The assembly also recommended that governments pay attention to the security sector so that forces such as police and the armed forces act within the framework of the rule of law and fully respect the fundamental rights of citizens.

International bodies like Amnesty International and human rights watch have condemned the response of Ugandan police towards citizens demanding economic and political reforms. Police brutality was exposed to the whole world when they manhandled opposition leader Kiiza Besigye on April 28, 2011 when they smashed his car and Gilbert Arinaitwe almost blinded him with pepper spray.  The government could borrow a leaf from these resolutions and advise police on how to handle these demonstrations in a way that will not worsen an already bad situation. Ugandan police has been accused of using excessive force and torturing people, especially members of the opposition, and killing others, including a two-year old baby from Masaka.

At the end of the debate, the Union resolved among others that there be redistribution of power within member countries, which would do Uganda’s democracy a lot of good, to draw world’s attention on the situation in Syria and to ensure that women and children have access to health services.

Syria’s unrest with people protesting against the leadership of President Bashar Al-Assad and his Ba’ath party, which has been in power for almost 5 decades, has been going on for more than a year now with about 15,000 people dead, countless injured and tens of thousands imprisoned.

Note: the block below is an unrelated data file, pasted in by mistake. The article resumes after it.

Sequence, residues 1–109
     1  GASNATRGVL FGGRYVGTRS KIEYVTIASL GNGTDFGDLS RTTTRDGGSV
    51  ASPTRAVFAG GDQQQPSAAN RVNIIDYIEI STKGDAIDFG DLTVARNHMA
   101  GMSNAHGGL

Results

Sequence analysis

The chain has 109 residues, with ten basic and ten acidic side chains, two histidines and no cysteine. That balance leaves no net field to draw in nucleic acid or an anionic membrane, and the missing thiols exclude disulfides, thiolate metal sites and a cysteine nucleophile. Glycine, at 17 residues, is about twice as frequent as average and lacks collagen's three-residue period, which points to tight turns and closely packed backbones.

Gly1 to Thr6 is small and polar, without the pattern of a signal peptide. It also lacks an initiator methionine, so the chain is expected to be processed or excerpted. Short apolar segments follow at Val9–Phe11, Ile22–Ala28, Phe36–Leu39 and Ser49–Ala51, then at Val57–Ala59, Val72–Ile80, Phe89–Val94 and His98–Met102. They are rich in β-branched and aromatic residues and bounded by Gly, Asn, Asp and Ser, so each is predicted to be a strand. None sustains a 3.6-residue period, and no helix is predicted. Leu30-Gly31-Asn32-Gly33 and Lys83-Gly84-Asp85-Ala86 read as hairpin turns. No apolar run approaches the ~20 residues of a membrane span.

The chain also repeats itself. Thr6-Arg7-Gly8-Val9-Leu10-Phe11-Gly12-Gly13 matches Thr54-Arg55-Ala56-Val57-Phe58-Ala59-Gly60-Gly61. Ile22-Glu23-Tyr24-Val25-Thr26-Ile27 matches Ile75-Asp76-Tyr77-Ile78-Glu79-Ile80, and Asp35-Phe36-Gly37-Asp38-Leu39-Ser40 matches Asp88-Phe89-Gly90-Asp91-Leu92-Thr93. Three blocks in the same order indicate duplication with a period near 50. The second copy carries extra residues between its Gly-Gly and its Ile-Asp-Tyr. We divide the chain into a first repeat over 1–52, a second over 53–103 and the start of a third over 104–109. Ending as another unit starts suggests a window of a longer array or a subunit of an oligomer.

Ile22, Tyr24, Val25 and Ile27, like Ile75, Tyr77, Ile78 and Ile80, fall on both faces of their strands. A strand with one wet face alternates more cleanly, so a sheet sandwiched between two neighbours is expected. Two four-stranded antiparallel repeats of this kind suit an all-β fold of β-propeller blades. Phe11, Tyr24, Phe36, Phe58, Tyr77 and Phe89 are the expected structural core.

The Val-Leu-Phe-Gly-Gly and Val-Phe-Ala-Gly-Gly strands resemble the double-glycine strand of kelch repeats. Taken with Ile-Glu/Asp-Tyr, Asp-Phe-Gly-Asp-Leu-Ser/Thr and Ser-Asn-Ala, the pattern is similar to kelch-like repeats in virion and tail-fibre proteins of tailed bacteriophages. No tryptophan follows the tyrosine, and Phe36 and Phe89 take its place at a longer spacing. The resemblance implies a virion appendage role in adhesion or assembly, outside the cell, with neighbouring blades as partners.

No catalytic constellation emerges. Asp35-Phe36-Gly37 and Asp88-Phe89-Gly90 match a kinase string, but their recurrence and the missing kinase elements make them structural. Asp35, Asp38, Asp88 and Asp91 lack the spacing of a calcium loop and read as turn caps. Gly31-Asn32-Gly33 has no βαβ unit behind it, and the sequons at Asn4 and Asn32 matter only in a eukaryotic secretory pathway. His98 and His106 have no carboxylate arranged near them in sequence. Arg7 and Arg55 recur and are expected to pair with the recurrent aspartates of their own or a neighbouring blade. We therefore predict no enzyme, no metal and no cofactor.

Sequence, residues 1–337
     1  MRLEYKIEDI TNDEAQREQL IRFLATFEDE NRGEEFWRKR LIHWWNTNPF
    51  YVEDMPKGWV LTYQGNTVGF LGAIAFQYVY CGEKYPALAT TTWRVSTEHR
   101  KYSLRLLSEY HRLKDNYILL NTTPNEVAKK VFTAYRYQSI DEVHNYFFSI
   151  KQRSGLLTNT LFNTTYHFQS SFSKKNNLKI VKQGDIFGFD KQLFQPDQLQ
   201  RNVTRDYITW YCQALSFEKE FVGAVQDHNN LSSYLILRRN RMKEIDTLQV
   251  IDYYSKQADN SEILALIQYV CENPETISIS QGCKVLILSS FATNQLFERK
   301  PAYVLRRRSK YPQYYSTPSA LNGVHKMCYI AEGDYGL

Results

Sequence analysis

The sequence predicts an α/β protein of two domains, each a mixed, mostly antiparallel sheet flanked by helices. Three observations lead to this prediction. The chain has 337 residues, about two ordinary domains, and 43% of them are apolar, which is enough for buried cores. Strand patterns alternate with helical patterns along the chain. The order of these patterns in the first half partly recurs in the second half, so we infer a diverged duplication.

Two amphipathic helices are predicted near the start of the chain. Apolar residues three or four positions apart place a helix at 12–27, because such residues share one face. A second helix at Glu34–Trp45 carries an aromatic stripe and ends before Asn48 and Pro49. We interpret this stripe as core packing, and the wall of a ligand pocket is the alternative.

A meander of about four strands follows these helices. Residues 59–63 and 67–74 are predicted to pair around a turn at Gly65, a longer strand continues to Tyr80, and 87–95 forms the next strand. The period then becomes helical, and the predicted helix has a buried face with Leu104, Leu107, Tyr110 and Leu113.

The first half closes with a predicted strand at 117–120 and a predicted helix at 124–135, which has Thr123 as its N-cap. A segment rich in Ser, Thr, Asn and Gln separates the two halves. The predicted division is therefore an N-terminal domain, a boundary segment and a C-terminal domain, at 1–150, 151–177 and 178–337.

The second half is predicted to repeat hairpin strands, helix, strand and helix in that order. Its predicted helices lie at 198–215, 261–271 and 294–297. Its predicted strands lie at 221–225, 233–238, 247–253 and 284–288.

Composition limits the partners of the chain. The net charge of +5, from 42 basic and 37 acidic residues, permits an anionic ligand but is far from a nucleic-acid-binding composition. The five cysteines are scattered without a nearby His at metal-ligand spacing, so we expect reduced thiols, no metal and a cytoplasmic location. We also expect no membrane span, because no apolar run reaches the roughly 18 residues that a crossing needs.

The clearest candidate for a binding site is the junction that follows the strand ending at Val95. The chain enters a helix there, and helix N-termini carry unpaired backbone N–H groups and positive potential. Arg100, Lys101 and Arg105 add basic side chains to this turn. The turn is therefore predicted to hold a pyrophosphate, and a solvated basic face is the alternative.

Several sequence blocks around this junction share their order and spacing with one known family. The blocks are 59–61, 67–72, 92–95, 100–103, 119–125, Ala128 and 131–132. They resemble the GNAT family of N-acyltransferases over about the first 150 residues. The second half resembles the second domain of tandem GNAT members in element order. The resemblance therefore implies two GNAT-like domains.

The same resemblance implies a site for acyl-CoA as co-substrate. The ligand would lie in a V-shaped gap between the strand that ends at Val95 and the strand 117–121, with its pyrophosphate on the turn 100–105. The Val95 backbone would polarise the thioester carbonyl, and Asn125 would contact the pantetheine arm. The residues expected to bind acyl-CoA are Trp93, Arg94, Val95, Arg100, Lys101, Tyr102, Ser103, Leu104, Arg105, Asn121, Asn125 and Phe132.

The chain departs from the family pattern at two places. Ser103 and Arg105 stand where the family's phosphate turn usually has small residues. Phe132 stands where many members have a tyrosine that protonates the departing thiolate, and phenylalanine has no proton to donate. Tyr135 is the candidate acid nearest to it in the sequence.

Although critics say the assembly was of no relevance to Ugandans, observers say, if what was debated is implemented, the situation in Uganda both political, economic or otherwise could possibly change for the better because some of these recommendations are exactly what Uganda needs.

Besigye said the assembly was a waste of time and resources because it did not help Ugandans in anyway. He said the money that organised it to discuss maternal health would take care of all the maternal problems in Uganda. Besigye was of the view that the time and resources spent on the assembly should have been concentrated on rectifying the political and economic situation in Uganda. Leader of Opposition, Nandala Mafabi, said he did not know what went on in the assembly but did not hope anything tangible would come out of it. Other critics said Uganda’s delegates should have used the assembly to draw the attention of the world to Uganda’s incessant troubles.

But speaker of Parliament Rabecca Kadaga said IPU was an international meeting not a meeting about Uganda. She said even if there were other urgent issues in Uganda, they would not be debated because what is discussed is selected a year before the meeting takes place.